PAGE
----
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Lack of Water Drove Alaska Island Mammoths to Extinction

  • Associated Press

FILE - The fosilized bones of a mammoth are seen at the excavation site on May 17, 2016. Scientists say Mammoths lived on Alaska's St. Paul Island in the Bering Sea until about 5,600 years ago. They never came into contact with humans, who only arrived on the island in 1787.

FILE - The fosilized bones of a mammoth are seen at the excavation site on May 17, 2016. Scientists say Mammoths lived on Alaska's St. Paul Island in the Bering Sea until about 5,600 years ago. They never came into contact with humans, who only arrived on the island in 1787.

Scientists say that one of the last surviving populations of woolly mammoths was likely driven to extinction by lack of drinking water.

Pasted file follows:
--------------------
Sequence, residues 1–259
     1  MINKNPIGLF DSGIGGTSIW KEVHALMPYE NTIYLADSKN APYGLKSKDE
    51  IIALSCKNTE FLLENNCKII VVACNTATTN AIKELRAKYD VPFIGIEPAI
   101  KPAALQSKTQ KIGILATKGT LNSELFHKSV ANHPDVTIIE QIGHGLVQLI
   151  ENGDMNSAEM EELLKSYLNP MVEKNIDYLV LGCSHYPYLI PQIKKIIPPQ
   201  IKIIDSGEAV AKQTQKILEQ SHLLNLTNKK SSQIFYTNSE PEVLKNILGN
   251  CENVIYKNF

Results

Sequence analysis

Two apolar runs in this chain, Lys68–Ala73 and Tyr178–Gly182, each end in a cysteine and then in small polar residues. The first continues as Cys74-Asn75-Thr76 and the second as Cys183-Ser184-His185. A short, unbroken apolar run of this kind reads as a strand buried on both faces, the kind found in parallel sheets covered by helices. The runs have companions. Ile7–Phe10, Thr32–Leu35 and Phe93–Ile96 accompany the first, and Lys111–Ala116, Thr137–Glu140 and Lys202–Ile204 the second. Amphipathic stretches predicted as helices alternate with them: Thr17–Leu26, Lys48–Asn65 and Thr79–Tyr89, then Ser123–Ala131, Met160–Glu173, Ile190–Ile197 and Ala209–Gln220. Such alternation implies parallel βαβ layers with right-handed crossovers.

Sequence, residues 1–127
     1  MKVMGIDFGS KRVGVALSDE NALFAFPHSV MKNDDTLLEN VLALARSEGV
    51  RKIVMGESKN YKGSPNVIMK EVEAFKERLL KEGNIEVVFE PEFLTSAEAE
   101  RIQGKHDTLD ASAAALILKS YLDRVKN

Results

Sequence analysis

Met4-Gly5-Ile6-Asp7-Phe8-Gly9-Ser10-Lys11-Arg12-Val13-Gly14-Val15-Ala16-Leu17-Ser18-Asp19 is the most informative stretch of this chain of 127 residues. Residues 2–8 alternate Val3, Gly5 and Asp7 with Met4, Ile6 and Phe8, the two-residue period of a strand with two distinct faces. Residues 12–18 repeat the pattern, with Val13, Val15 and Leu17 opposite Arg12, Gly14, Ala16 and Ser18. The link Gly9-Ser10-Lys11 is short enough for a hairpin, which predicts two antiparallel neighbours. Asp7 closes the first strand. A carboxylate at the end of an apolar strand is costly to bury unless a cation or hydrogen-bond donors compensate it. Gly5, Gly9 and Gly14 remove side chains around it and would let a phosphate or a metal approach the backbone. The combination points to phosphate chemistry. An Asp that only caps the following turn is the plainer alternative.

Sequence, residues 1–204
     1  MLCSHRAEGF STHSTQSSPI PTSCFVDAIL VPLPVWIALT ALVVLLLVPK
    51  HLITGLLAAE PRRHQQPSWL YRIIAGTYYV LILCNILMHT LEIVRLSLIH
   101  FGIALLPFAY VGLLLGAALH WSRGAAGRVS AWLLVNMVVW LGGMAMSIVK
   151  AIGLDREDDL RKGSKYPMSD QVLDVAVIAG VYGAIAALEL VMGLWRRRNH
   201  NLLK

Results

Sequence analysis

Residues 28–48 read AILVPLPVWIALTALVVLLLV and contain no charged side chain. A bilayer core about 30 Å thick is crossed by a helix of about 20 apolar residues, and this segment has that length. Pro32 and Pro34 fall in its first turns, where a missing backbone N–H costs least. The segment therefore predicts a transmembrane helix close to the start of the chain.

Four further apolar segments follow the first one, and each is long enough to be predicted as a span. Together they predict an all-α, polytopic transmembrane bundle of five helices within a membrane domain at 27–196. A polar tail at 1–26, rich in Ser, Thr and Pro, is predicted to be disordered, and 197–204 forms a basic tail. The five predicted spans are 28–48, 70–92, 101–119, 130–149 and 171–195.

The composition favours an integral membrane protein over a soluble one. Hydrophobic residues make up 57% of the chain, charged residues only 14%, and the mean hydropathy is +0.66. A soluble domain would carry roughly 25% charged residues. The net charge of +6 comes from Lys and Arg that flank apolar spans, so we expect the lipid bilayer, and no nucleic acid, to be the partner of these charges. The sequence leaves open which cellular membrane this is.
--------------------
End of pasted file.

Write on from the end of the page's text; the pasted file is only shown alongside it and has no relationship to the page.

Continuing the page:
Mammoths lived on Alaska's St. Paul Island in the Bering Sea until about 5,600 years ago. They never came into contact with humans, who only arrived on the island in 1787.

Researchers from the United States examined evidence of environmental change and found that the mammoths' demise coincided with declining freshwater resources caused by rising sea levels and drier climate.

In a study published Monday by the Proceedings of the National Academy of Science, they concluded that mammoths may have contributed to their own demise by congregating around remaining water holes.

By trampling the vegetation these Ice Age giants hastened erosion that further reduced the freshwater supply.

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